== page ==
Given society’s large shift towards mobile devices like phones and tablets, our reading experiences can now happen anywhere and anytime. Cutting cords has given us new freedoms, but also new burdens. Not only has more data and content been made available for us to read, we are now more and more distracted by mobile surroundings. The rising currents of information combined with a climate of distracting devices creates a veritable hurricane that wreaks havoc with understanding what we read.


This is why at Asymmetrica we have a sense of urgency. Our transition from the information age to the networked age has deluged all of us with an ever increasing wall of information. This deluge is only going to get more intense. To develop a solution, we carefully examined what we can and can’t do. We know you can’t speed up the clock speed of your brain’s processor, but you can remove unnecessary operations by chunking information into a more efficient representation. This ‘wasting less time’ approach is the heart of our solution.

Waste Less Time

Readers of content that use chunking aren’t as much reading faster as wasting less time while reading. With effective chunking, each eye movement is more efficient – our phrase-marking gives your brain natural cues for where to pause during reading. The content remains the same, but because eye movements are more efficient, the brain can efficiently integrate every chunk of meaning into the stream of understanding. With Asym, people aren’t cramming in more information faster, they’re comprehending more effectively.

Better Comprehension Can Lead to a Better World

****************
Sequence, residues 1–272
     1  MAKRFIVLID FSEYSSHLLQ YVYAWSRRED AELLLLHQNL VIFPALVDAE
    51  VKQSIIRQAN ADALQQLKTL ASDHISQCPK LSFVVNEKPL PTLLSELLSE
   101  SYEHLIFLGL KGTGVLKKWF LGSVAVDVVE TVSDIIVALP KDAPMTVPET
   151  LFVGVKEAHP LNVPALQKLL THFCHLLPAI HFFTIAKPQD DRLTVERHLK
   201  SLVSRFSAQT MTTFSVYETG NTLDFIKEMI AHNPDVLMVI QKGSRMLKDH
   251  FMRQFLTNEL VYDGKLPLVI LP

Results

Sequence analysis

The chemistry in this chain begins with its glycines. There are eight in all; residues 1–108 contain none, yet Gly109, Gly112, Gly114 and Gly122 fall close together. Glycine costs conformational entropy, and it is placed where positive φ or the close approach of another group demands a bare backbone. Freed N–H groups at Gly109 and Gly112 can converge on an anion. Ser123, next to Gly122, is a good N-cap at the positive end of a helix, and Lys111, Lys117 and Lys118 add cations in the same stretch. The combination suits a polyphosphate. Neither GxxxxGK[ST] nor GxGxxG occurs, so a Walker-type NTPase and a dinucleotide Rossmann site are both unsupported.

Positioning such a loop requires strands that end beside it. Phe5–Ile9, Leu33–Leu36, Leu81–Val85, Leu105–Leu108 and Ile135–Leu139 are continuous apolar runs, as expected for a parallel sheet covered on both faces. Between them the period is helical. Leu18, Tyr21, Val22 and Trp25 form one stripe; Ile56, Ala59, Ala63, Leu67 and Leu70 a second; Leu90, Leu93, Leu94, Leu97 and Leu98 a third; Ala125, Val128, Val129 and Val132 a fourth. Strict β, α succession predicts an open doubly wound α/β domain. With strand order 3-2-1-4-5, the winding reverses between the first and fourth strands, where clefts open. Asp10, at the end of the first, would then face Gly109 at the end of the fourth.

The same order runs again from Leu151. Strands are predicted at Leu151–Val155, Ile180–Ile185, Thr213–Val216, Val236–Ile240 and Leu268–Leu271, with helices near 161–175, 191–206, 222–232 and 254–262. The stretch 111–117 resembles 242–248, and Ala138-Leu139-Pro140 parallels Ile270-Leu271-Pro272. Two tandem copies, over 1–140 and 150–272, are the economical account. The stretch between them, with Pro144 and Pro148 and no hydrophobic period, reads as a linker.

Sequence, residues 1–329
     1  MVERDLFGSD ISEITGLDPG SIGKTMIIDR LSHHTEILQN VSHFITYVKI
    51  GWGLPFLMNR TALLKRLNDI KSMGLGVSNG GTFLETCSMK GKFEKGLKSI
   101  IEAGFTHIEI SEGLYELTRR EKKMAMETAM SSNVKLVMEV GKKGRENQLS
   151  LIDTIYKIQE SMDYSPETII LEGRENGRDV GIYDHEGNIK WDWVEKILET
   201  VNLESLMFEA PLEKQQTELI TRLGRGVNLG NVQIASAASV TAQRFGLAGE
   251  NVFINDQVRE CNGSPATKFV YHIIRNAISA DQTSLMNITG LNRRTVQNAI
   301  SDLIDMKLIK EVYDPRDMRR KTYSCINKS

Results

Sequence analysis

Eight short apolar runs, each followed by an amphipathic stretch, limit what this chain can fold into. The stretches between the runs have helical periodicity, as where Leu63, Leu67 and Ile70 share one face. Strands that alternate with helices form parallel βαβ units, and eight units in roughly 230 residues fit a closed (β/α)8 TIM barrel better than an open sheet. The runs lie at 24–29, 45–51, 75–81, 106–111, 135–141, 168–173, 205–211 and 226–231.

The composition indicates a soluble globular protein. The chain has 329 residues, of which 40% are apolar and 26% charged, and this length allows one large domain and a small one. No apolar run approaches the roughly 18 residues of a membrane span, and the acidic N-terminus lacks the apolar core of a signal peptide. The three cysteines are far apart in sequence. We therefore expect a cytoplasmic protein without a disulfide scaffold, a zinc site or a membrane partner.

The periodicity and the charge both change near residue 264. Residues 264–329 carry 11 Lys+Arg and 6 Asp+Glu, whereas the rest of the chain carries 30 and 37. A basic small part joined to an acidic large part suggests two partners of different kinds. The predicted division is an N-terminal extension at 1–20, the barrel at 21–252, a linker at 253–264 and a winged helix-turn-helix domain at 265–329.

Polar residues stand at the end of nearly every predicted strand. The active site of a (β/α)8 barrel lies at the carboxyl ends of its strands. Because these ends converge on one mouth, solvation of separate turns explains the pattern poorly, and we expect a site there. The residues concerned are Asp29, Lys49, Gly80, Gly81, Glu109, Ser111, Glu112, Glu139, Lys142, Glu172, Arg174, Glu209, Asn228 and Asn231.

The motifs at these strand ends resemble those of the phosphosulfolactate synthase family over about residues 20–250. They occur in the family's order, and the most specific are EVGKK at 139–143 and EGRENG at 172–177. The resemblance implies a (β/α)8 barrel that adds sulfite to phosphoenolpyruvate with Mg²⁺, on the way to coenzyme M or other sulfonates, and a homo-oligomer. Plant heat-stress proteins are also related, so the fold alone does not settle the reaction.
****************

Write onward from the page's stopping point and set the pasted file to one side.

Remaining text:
Speed reading (1000% faster) won’t change the world beyond teaching people how to skim text. Improving comprehension is a different story. Significant improvement in comprehension is not only possible, it is practical. It can help companies keep users on a webpage. It can improve conversion rates on calls to action. In today’s post-mobile, highly networked, distraction-rich world of information overwhelm, better understanding might just lead to a better world. The 10-35% improvements we’ve seen from chunking are the difference of a letter grade (or more) for a student in school. It may be the difference between understanding and not understanding what we read. And it could be the difference between someone learning (or re-learning) to read, and someone giving up in frustration.

In the words of Herbert Simon more than 40 years ago:

In an information-rich world, the wealth of information means a dearth of something else: a scarcity of whatever it is that information consumes


He concludes by saying:

. . . a wealth of information creates a poverty of attention.

We designed Asym to address the poverty of attention so elegantly described by Herbert. If our solution to modern distractibility helps even a few at-risk readers, it has more than met our mission.

Asym technology is uniquely positioned at a crossroads where design and science meet typography. We hope it’s worth putting on your map.